Every Labour MP who spoke, opposed the Bill but just before the vote Labour switched to support it. National, whose strategy is to be all things to all people, was caught by surprise. Twenty National MPs voted for freedom and 19 went with the hard Left for central government to regulate when shops can open.

The Shop Trading Bill has now gone forward to a committee of the whole House. (A copy of the bill is at . The Letter predicts more parliamentary gymnastics by National and Labour over this Bill.

A Margaret Wilson Brainwave

It was Margaret Wilson's idea to vote for Rodney Hide's Bill. She's been promising shop-keepers in Rotorua and Tauranga a Bill to fix up anomalies in the law, and has not delivered.

The Letter understands Ms Wilson failed to inform the union movement or get approval from caucus for supporting the Bill. Tomorrow's caucus meeting is going to be hot.

It's the Polls

Opinion polls by all parties show health is voters' number one concern - hence Labour's claim to be increasing health spending. Crime is also of growing concern - hence National's adoption of Stephen Franks' idea that courts should be able to say "life is life" in certain cases.

It's the Economy

The economy is the issue that will really determine the government's fortunes. Most National supporters feel optimistic about the economy, which explains why Bill English is finding it hard to gain traction. In fact, much of the current economic success is due to factors outside the government's control, and to the low value of the NZ dollar.

Christmas retail spending seems to be starting late this year but given consumer optimism and low interest rates, there's no reason why retailers should not have a good Christmas. Don Brash's interest rate cut should stimulate the economy throughout next year, helping the housing market to pick up. The government's significant increase in immigration quotas should also kick along the Auckland housing market.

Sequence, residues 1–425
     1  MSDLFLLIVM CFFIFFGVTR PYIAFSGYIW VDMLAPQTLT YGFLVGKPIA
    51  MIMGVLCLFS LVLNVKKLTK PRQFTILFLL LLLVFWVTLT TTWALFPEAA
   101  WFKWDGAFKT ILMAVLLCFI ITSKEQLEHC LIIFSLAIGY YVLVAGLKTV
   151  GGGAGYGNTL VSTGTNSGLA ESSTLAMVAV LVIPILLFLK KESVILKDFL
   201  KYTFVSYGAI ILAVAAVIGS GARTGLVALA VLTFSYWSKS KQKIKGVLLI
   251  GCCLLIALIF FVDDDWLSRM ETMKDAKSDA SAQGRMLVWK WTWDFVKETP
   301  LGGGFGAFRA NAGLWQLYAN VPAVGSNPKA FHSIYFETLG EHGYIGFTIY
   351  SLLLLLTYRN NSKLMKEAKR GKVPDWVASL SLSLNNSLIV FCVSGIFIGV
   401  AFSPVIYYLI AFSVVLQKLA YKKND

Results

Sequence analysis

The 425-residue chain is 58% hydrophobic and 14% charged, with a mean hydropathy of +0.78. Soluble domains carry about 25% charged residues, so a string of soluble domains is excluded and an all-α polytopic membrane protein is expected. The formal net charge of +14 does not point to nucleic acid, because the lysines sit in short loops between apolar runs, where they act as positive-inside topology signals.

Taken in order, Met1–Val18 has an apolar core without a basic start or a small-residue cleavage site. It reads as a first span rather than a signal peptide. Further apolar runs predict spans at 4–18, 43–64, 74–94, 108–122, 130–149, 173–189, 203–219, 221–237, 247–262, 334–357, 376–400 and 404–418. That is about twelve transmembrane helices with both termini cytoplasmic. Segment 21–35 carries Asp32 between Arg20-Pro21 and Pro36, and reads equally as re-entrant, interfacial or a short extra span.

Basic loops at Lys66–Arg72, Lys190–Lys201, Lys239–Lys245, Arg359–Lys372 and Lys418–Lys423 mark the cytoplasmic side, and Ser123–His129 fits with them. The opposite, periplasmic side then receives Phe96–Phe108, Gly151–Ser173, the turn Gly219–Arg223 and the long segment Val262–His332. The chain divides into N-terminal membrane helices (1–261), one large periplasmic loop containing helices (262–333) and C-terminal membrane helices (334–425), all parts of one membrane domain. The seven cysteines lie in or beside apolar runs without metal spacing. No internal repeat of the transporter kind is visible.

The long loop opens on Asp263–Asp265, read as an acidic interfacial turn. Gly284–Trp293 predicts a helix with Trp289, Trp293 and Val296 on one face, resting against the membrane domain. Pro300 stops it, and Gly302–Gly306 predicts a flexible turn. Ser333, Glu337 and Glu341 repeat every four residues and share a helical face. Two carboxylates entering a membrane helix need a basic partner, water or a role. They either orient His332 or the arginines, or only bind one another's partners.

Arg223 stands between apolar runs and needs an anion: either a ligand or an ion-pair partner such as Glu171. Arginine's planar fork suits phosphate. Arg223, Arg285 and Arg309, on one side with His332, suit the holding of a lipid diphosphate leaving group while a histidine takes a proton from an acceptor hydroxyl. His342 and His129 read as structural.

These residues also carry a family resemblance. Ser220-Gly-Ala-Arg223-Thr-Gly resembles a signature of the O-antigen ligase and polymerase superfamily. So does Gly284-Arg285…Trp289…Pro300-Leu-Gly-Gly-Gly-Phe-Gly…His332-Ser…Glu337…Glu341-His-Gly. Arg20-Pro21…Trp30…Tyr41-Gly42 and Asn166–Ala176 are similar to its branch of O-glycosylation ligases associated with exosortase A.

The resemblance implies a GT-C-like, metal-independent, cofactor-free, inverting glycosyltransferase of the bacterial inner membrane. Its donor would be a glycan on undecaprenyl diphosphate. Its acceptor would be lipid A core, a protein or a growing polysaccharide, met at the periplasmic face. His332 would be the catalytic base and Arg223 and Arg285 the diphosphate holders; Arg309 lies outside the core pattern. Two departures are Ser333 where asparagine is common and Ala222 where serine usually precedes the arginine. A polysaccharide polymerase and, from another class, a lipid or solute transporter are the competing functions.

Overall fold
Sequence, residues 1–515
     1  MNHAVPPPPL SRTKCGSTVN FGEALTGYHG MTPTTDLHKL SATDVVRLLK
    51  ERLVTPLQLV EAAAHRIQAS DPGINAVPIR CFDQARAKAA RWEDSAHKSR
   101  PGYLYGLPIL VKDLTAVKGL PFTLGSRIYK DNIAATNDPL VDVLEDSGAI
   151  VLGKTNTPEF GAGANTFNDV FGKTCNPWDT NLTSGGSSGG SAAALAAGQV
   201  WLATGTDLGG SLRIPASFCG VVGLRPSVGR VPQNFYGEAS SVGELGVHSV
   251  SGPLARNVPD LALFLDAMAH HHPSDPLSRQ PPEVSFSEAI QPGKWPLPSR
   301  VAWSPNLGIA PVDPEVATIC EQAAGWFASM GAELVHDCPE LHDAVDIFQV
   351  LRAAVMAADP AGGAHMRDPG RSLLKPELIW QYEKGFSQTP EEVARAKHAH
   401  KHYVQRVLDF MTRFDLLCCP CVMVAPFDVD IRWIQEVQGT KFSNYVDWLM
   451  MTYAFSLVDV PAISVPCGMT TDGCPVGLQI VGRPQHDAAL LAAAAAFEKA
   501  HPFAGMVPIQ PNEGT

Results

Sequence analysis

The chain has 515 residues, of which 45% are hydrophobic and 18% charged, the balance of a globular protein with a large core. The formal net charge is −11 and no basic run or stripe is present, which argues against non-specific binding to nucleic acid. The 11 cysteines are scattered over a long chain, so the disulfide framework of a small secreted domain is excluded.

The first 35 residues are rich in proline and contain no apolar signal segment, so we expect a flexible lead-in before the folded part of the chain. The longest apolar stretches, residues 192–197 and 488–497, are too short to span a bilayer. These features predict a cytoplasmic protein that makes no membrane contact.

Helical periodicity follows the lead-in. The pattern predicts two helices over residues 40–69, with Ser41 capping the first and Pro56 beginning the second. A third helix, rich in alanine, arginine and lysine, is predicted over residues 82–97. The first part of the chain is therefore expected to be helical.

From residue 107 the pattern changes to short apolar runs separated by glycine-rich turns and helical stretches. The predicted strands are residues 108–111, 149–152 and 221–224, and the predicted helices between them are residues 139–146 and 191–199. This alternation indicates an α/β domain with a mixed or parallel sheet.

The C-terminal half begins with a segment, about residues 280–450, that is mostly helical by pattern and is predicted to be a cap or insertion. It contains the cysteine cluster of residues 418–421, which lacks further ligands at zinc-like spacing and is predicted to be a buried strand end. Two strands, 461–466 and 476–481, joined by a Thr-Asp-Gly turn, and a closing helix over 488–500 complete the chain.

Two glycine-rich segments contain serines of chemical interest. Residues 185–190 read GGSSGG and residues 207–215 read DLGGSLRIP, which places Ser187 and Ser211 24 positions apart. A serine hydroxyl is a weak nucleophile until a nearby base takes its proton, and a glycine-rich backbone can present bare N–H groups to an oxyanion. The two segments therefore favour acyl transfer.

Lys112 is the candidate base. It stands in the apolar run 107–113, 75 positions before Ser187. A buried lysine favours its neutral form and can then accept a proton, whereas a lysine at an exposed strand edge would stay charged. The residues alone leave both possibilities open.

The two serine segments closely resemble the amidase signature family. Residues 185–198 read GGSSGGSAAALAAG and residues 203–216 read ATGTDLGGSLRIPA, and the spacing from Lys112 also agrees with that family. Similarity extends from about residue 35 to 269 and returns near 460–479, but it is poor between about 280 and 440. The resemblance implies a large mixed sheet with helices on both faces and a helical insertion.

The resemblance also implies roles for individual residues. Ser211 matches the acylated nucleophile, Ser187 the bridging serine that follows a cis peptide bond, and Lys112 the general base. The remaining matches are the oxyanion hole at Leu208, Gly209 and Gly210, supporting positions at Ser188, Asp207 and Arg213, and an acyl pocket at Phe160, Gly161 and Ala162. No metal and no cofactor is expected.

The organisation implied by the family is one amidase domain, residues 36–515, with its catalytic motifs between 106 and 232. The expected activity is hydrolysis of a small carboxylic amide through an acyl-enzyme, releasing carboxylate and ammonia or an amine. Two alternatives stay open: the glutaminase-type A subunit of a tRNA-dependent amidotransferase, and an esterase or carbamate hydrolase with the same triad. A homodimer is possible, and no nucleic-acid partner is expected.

The success of interest rate cuts depends on keeping wage rises in check, to keep a lid on inflation. The Higher Salaries Commission's decision to give MPs a 5 percent pay rise, on top of an increase just four months ago - a total of 9.8 percent - may turn out to be expensive. Teachers have not yet voted to accept their 2 percent pay increase. And prison officers look set to strike.

Politically Correct

What is the issue most tearing the Greens apart? Afghanistan? GM? Global warming? None of the above. Green activists are asking, "How is it that a party that supports the Treaty as being Aotearoa New Zealand's founding document, has no Maori MPs? Why is the Greens' leadership shared by gender but not by race? Why is the party's biculturalism not reflected in the MP list?"

Surely the Greens should have some Maori candidates - near the top of the list. The trouble is that no Green MP is willing to move down the list to accommodate this. The Greens are petrified that the media will point out that they're an all-white party. It's a difficult dilemma because Maori, as property owners, have substantial differences with the Greens' socialist agenda.